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What is the difference between methods that are declared with - and methods that are declared with +


- (void)methodname

+ (void)methodname
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up vote 34 down vote accepted

Methods prefixed with - are instance methods. This means they can only be invoked on an instance of a class, eg:

[myStringInstance length];

Methods prefixed with + are class methods. This means they can be called on Classes, without needing an instance, eg:

[NSString stringWithString:@"Hello World"];
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Just curious: why this choice of notation? +/- feels a bit hackish to me (probably because it reminds me of how perl uses '@', '#', '$' to mean something) – Anthony Kong Feb 12 '10 at 13:44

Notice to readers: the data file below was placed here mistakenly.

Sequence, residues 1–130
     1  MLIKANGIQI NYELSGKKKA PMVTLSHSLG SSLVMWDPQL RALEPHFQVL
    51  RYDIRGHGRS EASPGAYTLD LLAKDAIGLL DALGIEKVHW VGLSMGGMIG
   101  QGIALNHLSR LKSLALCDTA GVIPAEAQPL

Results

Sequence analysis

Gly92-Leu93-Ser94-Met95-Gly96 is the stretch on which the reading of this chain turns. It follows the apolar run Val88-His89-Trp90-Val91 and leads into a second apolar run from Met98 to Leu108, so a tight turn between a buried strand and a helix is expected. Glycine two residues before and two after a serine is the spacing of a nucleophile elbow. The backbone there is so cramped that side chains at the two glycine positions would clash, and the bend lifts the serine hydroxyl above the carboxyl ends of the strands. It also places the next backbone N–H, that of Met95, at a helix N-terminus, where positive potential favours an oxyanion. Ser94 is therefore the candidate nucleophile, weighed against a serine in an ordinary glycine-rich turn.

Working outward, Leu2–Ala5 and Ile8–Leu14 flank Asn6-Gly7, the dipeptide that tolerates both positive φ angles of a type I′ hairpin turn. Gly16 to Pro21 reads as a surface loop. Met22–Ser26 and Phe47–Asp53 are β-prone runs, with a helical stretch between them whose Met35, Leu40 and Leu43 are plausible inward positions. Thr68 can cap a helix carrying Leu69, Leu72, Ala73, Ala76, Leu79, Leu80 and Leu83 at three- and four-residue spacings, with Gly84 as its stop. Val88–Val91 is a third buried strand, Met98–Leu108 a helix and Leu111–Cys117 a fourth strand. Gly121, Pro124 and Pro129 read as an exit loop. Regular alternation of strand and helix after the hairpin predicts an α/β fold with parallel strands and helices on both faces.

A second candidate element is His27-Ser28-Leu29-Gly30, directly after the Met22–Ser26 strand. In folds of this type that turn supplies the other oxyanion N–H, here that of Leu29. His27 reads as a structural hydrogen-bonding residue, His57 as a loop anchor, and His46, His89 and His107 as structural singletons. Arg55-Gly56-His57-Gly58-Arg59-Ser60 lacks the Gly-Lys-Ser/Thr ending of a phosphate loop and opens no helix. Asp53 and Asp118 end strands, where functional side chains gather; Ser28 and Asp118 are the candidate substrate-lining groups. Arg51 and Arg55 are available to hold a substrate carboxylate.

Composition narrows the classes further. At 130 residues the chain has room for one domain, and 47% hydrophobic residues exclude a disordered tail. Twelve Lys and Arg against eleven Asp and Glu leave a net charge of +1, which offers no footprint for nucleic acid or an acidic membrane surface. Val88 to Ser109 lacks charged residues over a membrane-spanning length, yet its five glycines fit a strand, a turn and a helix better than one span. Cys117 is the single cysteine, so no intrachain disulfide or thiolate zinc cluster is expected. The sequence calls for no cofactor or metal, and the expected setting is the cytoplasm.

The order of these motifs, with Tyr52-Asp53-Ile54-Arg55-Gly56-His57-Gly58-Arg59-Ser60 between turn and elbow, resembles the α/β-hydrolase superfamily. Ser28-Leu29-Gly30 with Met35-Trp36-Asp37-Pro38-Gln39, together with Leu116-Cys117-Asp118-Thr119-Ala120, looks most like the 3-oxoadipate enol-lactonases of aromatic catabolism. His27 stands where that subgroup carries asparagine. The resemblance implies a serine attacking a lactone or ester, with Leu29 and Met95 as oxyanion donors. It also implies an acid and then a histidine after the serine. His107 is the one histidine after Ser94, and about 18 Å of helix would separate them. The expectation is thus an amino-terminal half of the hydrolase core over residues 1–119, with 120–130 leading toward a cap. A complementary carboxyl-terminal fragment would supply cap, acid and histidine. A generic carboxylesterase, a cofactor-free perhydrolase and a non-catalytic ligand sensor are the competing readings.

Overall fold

I can't comment on the choice of notation, because I simply don't know... Sorry. Maybe someone else will know? – Jasarien Feb 12 '10 at 13:55
UML uses the same notation. – François Beausoleil Jun 17 '10 at 17:46
UML uses +/- sure. Also UML uses +/- to annotate methods. However other than that UML's use and Obj-C use are completely different. – deft_code Sep 3 '10 at 21:16
@FrançoisBeausoleil I think uml uses +/- signs to for public/private attribute or functions. ( – Mehdi Karamosly Oct 22 '13 at 19:33

minus are instance methods (only accessible via an instantiated object)

plus are class methods (like in Java Math.abs(), you can use it without an instantited object)

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According to this page:

Instance methods begin with - and class level methods begin with +

See this SO question for more information.

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The first is an instance method and the second is a class method. You should read Apple's Objective-C documentation to learn about the difference.

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